This proposal requests five years of funding to develop Dr. Taneisha Scheuermann's research career in smoking cessation clinical research with pregnant and postpartum women through a NIDA Mentored Research Scientist Development Award (K01). Dr. Scheuermann's career goal is to improve long-term health outcomes for women and their children by developing effective smoking cessation interventions for pregnant and postpartum women. Candidate: Dr. Scheuermann is an Assistant Professor in the Department of Preventive Medicine and Public Health at the University of Kansas Medical Center. She has a strong background in counseling psychology and smoking cessation research. Training: The proposed career development plan builds on Dr. Scheuermann's postdoctoral training and early career development. Areas of focus include: 1) research with pregnant and postpartum women, 2) tobacco treatment systems and quality improvement, 3) mobile health (mHealth) interventions, 4) behavioral clinical trials, and 5) longitudinal data analysis. Her career development goals will be accomplished through the conduct of mentored research, course work, professional conferences, seminars, and directed readings. Dr. Scheuermann will be mentored by Dr. Kimber Richter (Primary Mentor) on evaluation of tobacco treatment and conducting randomized controlled trials; Dr. Edward Ellerbeck on the integration of behavioral interventions into health care settings; Dr. Nicole Nollen on mHealth Interventions; and Dr. Kathryn Pollak on smoking cessation interventions with pregnant smokers. Research: Dr. Scheuermann's proposed research consists of three related studies. The first study will evaluate health care providers' tobacco treatment office systems and practices for pregnant and postpartum women using on- site visits (Aim 1). The second study will describe how tobacco treatment is currently provided to pregnant and postpartum women from the patients' perspective using a longitudinal cohort study of 60 women (Aim 2). She will use the knowledge gained from these two studies to inform the development of brief staff trainings on treating tobacco dependence among pregnant and postpartum women and a text-message intervention to promote cessation and support abstinence for pregnant and postpartum women The text message intervention (Moms Quit) is designed to bridge transitions across health care providers during the peripartum period by periodically assessing women's smoking status; providing motivational messages to support cessation/ continued abstinence; and linking women with cessation assistance via their providers, the quitline, and other resources.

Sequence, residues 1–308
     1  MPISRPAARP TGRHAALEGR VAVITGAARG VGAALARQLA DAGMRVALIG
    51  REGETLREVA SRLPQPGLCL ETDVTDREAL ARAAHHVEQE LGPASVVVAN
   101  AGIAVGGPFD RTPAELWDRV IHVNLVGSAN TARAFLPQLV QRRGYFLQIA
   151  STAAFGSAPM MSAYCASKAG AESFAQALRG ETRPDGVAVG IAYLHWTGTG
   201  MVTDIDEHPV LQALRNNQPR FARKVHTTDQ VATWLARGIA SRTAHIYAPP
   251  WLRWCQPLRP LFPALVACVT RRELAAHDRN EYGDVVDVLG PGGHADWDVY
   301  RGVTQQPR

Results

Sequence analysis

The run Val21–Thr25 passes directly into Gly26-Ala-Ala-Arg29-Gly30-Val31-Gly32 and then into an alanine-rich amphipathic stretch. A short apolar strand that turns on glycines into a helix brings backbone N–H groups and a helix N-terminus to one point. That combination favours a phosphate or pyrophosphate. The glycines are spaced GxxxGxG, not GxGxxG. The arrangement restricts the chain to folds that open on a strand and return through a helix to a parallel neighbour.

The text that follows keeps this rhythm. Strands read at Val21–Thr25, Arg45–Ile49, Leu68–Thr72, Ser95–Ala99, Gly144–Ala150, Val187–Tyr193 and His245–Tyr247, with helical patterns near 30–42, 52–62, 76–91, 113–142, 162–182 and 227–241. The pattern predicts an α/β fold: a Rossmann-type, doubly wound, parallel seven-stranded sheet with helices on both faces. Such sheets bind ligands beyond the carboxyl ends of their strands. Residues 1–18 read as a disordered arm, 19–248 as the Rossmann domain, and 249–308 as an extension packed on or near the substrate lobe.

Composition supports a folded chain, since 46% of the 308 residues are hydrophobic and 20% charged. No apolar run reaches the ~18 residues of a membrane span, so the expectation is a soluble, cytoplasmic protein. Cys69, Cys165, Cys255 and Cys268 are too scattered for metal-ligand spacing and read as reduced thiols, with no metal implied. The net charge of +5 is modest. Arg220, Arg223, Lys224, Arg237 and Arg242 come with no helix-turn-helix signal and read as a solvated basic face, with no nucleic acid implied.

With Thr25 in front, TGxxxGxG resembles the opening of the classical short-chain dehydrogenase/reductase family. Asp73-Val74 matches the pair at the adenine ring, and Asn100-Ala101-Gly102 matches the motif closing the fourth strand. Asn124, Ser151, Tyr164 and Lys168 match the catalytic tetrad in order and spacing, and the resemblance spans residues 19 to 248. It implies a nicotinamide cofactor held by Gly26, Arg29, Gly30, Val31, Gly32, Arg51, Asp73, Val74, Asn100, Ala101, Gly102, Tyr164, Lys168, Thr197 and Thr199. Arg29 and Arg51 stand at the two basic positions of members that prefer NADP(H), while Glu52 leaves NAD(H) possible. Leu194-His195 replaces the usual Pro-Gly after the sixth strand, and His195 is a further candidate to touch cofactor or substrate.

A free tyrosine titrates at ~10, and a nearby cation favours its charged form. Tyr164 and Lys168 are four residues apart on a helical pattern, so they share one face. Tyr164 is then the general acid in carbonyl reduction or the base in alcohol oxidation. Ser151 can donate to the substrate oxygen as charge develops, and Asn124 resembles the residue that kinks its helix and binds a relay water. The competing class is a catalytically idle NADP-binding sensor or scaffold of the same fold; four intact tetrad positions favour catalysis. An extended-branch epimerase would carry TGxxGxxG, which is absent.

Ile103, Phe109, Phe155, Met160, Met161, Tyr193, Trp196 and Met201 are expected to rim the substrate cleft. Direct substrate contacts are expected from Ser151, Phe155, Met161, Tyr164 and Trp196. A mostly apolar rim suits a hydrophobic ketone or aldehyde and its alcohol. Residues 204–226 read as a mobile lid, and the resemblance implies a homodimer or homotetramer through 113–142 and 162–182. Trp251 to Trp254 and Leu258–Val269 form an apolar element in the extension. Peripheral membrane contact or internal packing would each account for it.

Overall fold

The Aim 3 study will evaluate the feasibility, acceptability, and preliminary efficacy of Moms Quit + provider training, compared to Text4Baby + provider training, in a pilot randomized controlled trial. The findings of Aims 1-3 will be used to develop an R01 application to definitively evaluate a text message-based cessation intervention among pregnant and postpartum women.
REVELANCE STATEMENT Smoking prevalence among pregnant women in the US remains high relative to the Healthy People 2020 goal of 1% prevalence. Most women who quit during pregnancy resume smoking within a year of giving birth. This research will enhance the delivery of smoking cessation assistance to pregnant women and new mothers. Improving tobacco treatment delivery among pregnant women in the United States will positively impact the long-term health of one million women smokers and infants each year
|Faseru, Babalola; Richter, Kimber P; Scheuermann, Taneisha S et al. (2018) Enhancing partner support to improve smoking cessation. Cochrane Database Syst Rev 8:CD002928|
|Scheuermann, Taneisha S; Richter, Kimber P; Rigotti, Nancy A et al. (2017) Accuracy of self-reported smoking abstinence in clinical trials of hospital-initiated smoking interventions. Addiction 112:2227-2236|